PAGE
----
N particles in double well

This notebook can be found on github

N-Particles in a double-well potential

In this example we will first solve the problem of a single particle in a double well potential. We then will assume that the particle is always trapped in one of the low energy states. This allows us to reduce the Hilbert space of the system to these states only. Using this reduced Hilbert space we will investigate the case of N indistinguishable particles in such a system. Finally we will add particle-particle interaction to obtain a more interesting problem.

using QuantumOptics
using PyPlot

One particle in a double-well

First we choose a basis for a single particle, specify the double-well potential and calculate the Hamiltonian.

xmin = -3
xmax = 3
Nsteps = 200
L = xmax - xmin
m = 0.5
E0 = 20

b_position = PositionBasis(xmin, xmax, Nsteps)
xpoints = samplepoints(b_position)

x = position(b_position)
p = momentum(b_position)

potential = x -> E0 + x^4 - 8*x^2
V = potentialoperator(b_position, potential)
Hkin = p^2/2m
H = Hkin + dense(V)

We find the lowest energy eigenstates, where instead of $H$ we diagonalize $(H + H^\dagger)/2$ to make it truly Hermitian (due to numerical errors, the operator $p^2$ is not Hermitian, even though we know it has to be).

E, states = eigenstates((H + dagger(H))/2, 4);
[7.78576, 7.92255, 14.5443, 15.2242]

which pairwise have nearly identical energies. The corresponding states can be illustrated by plotting their respective probability distributions.

figure(figsize=(5, 3))
subplot(2, 2, 1)
plot(xpoints, abs2.(states[1].data))
subplot(2, 2, 2)
plot(xpoints, abs2.(states[2].data))
subplot(2, 2, 3)
plot(xpoints, abs2.(states[3].data))
subplot(2, 2, 4)
plot(xpoints, abs2.(states[4].data))


It turns out that combining them results in much nicer localized states. We plot them corresponding to their energies (orange bands in the potential on the left).

localizedstates = Ket[(states[1] - states[2])/sqrt(2),
                      (states[1] + states[2])/sqrt(2),
                      (states[3] - states[4])/sqrt(2),
                      (states[3] + states[4])/sqrt(2)]

figure(figsize=(10, 3))
subplot(1, 2, 1)
plot(xpoints, potential.(xpoints))
for state in localizedstates
    E1 = abs.(expect(H, state))
    plot(xpoints[[1,end]], [E1, E1], "C1")

subplot(2, 4, 7)
plot(xpoints, abs2.(localizedstates[1].data))
subplot(2, 4, 8)
plot(xpoints, abs2.(localizedstates[2].data))
subplot(2, 4, 3)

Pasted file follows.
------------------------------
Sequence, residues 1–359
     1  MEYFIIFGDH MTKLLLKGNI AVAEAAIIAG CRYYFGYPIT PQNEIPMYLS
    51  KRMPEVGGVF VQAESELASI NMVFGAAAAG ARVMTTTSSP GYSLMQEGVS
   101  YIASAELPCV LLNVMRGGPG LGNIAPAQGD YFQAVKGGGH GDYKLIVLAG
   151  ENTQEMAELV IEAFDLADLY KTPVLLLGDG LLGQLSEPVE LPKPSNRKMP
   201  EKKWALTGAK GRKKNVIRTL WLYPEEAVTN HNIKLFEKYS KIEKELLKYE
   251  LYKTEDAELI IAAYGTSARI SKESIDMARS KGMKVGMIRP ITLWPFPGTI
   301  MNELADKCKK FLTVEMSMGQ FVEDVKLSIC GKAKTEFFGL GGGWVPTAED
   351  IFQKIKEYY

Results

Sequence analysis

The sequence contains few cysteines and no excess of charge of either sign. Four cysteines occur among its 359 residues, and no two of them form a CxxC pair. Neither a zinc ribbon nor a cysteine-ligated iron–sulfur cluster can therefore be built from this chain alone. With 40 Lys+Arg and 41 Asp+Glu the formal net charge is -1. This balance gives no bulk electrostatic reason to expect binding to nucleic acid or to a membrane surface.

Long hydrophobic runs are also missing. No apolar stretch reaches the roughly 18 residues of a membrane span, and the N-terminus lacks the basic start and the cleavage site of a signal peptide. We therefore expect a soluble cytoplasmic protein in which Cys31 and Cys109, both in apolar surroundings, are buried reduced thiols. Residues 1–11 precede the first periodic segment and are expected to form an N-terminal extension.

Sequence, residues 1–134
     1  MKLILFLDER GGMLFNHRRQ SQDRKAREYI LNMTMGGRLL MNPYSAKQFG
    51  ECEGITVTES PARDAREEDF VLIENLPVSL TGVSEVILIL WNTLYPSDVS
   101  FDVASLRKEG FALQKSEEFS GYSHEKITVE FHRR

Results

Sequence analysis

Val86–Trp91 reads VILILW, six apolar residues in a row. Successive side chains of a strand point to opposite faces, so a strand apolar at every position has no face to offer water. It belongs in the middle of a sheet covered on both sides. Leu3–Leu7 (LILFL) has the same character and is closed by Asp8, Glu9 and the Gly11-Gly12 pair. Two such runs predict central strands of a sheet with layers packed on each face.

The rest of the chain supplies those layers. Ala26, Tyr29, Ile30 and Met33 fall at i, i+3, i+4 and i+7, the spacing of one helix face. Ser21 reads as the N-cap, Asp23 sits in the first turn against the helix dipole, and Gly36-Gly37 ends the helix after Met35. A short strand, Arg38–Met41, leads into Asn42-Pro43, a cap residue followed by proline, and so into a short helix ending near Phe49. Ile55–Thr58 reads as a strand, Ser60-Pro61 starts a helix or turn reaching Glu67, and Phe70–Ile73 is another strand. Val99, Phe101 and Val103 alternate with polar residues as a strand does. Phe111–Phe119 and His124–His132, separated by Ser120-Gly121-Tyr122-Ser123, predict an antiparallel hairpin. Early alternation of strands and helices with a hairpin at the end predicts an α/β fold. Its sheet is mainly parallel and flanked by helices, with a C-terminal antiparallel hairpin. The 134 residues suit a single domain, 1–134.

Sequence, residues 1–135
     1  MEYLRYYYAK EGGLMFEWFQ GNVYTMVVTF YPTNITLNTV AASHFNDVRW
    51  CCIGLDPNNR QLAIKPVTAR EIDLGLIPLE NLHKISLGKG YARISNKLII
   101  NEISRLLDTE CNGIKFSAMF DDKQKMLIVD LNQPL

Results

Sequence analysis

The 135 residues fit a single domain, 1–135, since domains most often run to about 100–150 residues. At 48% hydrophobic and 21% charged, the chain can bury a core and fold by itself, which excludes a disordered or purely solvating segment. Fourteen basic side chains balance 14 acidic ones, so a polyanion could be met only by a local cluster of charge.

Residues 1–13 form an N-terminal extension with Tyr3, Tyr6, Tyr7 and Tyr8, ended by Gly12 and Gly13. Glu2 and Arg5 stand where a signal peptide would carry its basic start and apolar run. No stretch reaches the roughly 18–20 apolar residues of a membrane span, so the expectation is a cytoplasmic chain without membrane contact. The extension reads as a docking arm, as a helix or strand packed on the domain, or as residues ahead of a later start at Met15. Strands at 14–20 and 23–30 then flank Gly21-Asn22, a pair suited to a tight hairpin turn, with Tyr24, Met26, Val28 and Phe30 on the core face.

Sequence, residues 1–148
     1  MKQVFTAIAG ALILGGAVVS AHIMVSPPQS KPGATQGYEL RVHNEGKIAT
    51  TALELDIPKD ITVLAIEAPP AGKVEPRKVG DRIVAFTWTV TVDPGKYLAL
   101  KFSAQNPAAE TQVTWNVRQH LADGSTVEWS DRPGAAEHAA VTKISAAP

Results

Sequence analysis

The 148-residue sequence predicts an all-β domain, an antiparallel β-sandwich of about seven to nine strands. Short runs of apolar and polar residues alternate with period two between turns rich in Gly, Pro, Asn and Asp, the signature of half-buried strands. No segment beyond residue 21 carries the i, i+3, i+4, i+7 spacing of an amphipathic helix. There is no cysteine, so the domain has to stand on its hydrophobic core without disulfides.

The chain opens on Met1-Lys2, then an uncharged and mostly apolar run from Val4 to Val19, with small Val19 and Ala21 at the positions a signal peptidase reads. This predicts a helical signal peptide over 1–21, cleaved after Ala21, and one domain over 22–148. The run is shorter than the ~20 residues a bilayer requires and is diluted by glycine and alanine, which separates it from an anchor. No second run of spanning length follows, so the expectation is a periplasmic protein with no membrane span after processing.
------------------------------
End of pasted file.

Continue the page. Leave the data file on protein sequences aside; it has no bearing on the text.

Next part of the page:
plot(xpoints, abs2.(localizedstates[3].data))
subplot(2, 4, 4)
plot(xpoints, abs2.(localizedstates[4].data));


Low energy subspace

We now assume that the energy in the system is always so low that it never reaches states besides the lowest four. This makes it possible to restrict the Hilbert space to the subspace generated by just these states. To specify the basis of this subspace one can use the SubspaceBasis. It needs to know the basis of the enveloping Hilbert space $\mathcal{H}$ and the states $|u_i\rangle$, which are defined in $\mathcal{H}$, that form the basis of this subspace.

b_sub = SubspaceBasis(b_position, localizedstates)
println("dim(subspace): ", length(b_sub))
dim(subspace): 4

Projectors can be used to convert states and operators from the superbasis to the subspace basis and vice versa. As the name already indicates, states that are not in the subspace are projected into it and then a basis change is performed.

P = projector(b_sub, b_position)
Pt = dagger(P)

x_sub = P*x*Pt
Hkin_sub = P*Hkin*Pt
V_sub = P*V*Pt
H_sub = P*H*Pt;
println("dim(H_sub): ", length(H_sub.basis_l), "x", length(H_sub.basis_r))
dim(H_sub): 4x4

As example we can simulate the time evolution of the system in this subspace. Initially we put the particle into the ground state of the left well. Over time it starts oscillating between the left and right well ground states.

T = [0:0.1:23;]
psi0_sub = basisstate(b_sub, 1)

tout, psi_t = timeevolution.schroedinger(T, psi0_sub, H_sub)

figure(figsize=[10, 3])
subplot(1, 2, 1)
plot(tout, [abs2.(psi.data[1]) for psi in psi_t])
plot(tout, [abs2.(psi.data[2]) for psi in psi_t])